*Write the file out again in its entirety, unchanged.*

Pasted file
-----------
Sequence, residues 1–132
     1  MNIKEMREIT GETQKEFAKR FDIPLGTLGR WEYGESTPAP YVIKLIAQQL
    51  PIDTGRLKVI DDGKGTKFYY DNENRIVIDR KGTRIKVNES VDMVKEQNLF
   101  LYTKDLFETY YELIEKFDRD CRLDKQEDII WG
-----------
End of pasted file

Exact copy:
Sequence, residues 1–132
     1  MNIKEMREIT GETQKEFAKR FDIPLGTLGR WEYGESTPAP YVIKLIAQQL
    51  PIDTGRLKVI DDGKGTKFYY DNENRIVIDR KGTRIKVNES VDMVKEQNLF
   101  LYTKDLFETY YELIEKFDRD CRLDKQEDII WG